To explain about the combustion in the engine, the fuel injected in the suction stroke produces the torque in the explosion stroke which is two strokes after the suction stroke. This means that the information signal concerning the combustion control lags by a time length corresponding to two engine strokes. Namely, the fuel is actually injected at a rate (Tp)c, when injection information Tp is given. In consequence, an error corresponding to the valve opening time ΔTp is caused in the fuel supply rate, with a result that the air-fuel ratio A/F is offset correspondingly, leading to the change in torque as illustrated in FIG. 7.

According to the invention, the air-fuel ratio A/F is changed in such a manner as to suppress the error ΔTp in the valve opening time.

An embodiment of the fuel injection system of the invention will be described in more detail with reference to the drawings.

FIG. 2 shows an example of an engine to which an embodiment of the invention is applied. Referring to this Figure, an engine 1 is equipped with a plurality of injectors 3 provided on respective intake branch pipes 2. The number of the injectors corresponds to the number of the cylinders of the engine. The intake branch pipes 2 merge at their upstream ends in a common collector 4 which is disposed downstream of a throttle valve 5 for controlling the rate of flow of intake air to the engine.

At the same time, an ISC valve 6 for controlling the engine speed is provided in a passage which bypasses the throttle valve 5. When the throttle valve 5 is in the fully closed state, the speed of the engine 1 is controlled by this ISC valve 6.

On the other hand, the intake air flow rate of the engine 1 is detected by an air flow sensor 7 which is disposed upstream of the throttle valve 5, while the engine speed is detected by an engine speed sensor 8.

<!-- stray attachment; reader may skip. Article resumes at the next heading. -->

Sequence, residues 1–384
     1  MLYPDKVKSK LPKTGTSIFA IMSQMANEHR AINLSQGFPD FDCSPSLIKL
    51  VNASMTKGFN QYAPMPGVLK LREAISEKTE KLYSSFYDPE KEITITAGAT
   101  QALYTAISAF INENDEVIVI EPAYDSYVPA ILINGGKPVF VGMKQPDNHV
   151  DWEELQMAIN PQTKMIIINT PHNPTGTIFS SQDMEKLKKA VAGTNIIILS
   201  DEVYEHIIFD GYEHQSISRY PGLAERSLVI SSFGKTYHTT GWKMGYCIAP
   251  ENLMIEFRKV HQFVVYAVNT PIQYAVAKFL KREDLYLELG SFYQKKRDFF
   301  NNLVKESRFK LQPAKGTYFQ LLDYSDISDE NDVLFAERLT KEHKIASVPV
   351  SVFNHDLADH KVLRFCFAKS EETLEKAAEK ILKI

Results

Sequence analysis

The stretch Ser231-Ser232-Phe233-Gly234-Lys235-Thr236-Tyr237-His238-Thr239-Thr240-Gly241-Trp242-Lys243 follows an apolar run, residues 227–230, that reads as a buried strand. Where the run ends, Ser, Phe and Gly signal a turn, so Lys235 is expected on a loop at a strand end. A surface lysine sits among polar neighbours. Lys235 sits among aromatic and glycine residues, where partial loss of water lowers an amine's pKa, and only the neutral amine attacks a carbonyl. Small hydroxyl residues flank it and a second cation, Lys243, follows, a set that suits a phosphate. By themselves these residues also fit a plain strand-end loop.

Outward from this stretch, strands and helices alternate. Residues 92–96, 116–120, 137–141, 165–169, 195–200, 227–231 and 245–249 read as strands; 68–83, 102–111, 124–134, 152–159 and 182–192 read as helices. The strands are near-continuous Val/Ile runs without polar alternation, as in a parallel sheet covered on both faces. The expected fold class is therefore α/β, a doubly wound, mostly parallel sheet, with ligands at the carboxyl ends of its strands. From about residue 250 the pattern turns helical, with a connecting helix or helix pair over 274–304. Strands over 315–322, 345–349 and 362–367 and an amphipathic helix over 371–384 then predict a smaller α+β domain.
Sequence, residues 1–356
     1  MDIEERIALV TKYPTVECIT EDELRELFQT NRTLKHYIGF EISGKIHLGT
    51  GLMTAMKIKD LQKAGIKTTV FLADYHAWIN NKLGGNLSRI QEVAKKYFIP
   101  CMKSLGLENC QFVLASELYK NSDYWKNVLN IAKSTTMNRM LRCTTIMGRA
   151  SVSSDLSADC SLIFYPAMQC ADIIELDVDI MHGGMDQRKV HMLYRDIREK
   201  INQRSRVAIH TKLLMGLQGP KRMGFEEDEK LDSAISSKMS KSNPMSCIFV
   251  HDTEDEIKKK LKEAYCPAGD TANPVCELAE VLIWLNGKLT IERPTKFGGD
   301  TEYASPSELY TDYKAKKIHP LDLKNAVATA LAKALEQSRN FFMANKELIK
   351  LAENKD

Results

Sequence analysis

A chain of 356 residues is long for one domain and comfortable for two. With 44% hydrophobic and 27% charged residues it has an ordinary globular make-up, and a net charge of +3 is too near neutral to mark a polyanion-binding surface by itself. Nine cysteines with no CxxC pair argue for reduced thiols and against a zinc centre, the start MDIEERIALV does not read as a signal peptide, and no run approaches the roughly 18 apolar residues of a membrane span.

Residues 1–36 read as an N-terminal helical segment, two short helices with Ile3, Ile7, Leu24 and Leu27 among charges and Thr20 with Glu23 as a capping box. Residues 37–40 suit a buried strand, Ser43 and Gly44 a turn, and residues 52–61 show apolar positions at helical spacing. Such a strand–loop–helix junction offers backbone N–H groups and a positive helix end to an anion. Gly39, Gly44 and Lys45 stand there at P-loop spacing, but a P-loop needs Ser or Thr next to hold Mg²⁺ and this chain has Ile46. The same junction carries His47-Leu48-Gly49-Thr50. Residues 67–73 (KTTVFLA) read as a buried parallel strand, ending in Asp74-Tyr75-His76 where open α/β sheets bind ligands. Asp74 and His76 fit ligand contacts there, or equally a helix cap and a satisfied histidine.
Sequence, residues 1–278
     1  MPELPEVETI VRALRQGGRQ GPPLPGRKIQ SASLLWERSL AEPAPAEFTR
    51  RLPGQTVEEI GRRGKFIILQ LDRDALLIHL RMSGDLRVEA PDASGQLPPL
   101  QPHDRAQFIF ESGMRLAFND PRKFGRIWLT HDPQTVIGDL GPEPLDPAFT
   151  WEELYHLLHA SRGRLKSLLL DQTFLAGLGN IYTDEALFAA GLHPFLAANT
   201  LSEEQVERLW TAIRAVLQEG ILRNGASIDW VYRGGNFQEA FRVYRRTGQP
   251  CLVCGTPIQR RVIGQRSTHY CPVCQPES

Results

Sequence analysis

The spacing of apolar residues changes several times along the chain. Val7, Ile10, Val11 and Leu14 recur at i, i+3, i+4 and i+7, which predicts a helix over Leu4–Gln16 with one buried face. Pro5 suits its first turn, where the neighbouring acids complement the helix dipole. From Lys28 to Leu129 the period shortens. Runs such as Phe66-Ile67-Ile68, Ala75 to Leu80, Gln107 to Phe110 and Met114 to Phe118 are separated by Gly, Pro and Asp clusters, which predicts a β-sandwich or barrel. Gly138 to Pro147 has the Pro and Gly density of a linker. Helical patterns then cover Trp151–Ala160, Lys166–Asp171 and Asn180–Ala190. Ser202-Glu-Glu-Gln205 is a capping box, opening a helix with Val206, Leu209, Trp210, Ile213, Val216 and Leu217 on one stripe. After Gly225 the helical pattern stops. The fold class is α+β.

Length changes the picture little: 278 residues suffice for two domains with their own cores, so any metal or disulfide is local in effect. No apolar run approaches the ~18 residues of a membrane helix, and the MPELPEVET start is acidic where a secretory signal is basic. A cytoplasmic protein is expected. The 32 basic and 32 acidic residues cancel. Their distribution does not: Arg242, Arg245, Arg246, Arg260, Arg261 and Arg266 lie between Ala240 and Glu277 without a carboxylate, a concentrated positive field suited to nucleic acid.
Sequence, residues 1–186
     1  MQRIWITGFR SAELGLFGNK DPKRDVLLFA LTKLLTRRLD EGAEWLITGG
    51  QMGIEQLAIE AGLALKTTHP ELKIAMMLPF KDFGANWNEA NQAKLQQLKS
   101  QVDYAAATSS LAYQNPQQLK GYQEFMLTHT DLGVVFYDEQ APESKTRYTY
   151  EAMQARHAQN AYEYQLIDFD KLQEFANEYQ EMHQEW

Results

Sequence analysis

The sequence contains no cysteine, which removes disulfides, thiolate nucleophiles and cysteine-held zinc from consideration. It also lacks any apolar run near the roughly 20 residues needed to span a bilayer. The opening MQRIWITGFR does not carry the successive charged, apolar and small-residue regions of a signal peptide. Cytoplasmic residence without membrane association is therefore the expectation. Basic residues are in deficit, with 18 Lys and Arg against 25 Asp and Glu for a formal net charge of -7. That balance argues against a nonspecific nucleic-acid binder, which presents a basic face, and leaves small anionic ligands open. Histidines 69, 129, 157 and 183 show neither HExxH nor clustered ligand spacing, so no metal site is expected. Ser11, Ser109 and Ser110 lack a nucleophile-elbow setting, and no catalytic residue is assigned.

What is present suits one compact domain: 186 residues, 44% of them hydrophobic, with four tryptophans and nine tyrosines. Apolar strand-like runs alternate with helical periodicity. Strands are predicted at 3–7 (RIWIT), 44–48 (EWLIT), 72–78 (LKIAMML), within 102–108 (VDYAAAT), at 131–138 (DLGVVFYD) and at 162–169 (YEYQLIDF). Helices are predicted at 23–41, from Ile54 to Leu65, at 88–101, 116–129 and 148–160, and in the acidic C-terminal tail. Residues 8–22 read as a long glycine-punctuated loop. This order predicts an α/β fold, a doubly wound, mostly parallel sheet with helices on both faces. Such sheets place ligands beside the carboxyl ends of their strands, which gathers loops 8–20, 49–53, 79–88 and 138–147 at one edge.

A control unit 9 receives, besides the intake air flow rate signal and the engine speed signal, other various signals such as signals from an engine temperature sensor 10, exhaust gas sensor 11, and so forth.

The supply of the fuel to the engine 1 is conducted by the opening and closing action of the fuel injector 3 to which the fuel is supplied after pressurizing and pressure regulation by a fuel pump 12 and a fuel pressure regulator 13.

FIG. 3 is a block diagram of a portion of the control unit 9 for controlling the fuel injector 3. This portion has a valve open time determining means 14 which receives operation parameter signals from various sensors such as the air flow sensor 7, engine speed sensor 8, engine temperature sensor 10, exhaust gas sensor 11, and so forth.

The engine speed signal from the engine speed sensor 8, corresponding to the actual engine speed, is delivered to a speed change detecting means 16 which is adapted to detect either one of the offset of the actual engine speed from the command speed set by a command speed setting means 15 and the variation of the engine revolutions per unit time. The data derived from the speed change detecting means 16 is delivered to a correction component generating means 17 which in turn is converted into a component for correcting the opening time of the fuel injector 3, as one of the operation parameters for the operation of the valve opening time determining means 14.

The operation of this embodiment will be described hereinunder.

In this embodiment, in view of the fact that the variation in the engine speed N and the variation in the air-fuel ratio A/F has a certain correlation, the air-fuel ratio A/F is changed in accordance with a change in the values of the speed offset ΔN and the speed variation dN/dt. That is, the final valve opening time Ti of the injector 3 is determined in accordance with the following formula.

Ti=Tp(1+K1 +K2 + . . . K3 +Ktp)+Ts     (1)